Kati (K): Hey everybody! I have a wonderful, special guest. Hank Green is here to talk with us about his experience with chronic illness. Hank (H): Hi Kati. How’re you doing? K: I’m good, how are you?
H: I’m good. Funny thing to say after you’re like “Let’s talk about your chronic illness…I’m doing great! No I am actually, particularly my illness has been pretty good lately.” K: So, just so I understand and, for those of you out there who don’t know, Hank suffers from… H: Ulcerative colitis K: Similar to Crohn’s?
H: It’s similar to Crohn’s, but Crohn’s is expanded…so, it’s an autoimmune disease; it’s an inflammation of your digestive tract. Crohn’s is basically all the way down – from the mouth on down. And it can really be, yeah, all the way, whereas colitis is just the colon. K: Okay.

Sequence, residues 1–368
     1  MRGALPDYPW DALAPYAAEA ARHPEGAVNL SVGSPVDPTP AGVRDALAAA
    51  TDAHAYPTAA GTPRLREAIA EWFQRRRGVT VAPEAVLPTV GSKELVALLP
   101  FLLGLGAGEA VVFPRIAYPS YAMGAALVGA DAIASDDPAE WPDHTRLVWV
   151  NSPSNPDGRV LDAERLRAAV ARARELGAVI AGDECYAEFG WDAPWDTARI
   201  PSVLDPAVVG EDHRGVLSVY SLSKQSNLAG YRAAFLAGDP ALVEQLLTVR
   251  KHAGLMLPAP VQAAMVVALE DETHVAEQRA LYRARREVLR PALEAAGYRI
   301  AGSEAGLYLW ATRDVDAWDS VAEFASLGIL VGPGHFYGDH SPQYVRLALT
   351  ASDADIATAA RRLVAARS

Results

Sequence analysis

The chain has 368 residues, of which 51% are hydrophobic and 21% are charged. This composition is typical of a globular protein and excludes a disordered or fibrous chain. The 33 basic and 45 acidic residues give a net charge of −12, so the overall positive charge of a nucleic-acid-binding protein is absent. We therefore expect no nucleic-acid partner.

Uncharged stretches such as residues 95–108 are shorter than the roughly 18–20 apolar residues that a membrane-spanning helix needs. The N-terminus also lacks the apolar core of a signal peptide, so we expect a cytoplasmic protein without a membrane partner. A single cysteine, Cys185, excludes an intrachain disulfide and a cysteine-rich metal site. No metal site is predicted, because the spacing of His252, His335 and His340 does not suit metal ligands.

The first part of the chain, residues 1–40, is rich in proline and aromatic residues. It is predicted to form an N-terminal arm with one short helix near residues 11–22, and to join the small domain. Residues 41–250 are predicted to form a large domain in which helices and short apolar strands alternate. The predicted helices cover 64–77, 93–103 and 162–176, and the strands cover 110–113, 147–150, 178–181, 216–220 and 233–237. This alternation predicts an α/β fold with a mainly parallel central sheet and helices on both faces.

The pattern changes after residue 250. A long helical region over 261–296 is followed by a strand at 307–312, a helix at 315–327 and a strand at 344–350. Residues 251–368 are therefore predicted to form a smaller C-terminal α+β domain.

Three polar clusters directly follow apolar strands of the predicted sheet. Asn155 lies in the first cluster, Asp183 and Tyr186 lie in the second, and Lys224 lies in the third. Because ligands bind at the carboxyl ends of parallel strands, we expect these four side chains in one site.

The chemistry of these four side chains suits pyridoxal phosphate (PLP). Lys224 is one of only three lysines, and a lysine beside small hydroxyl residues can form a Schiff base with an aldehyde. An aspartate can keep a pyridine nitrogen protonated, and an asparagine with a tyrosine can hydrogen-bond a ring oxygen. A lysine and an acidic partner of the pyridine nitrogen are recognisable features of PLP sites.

H: So, people are like “What d’you mean? Tell me all about it!” So you kind of think of it as like, er, have you ever gotten hives?
K:…no. H: …or like an insect bite?
K: Yeah, or like rashes.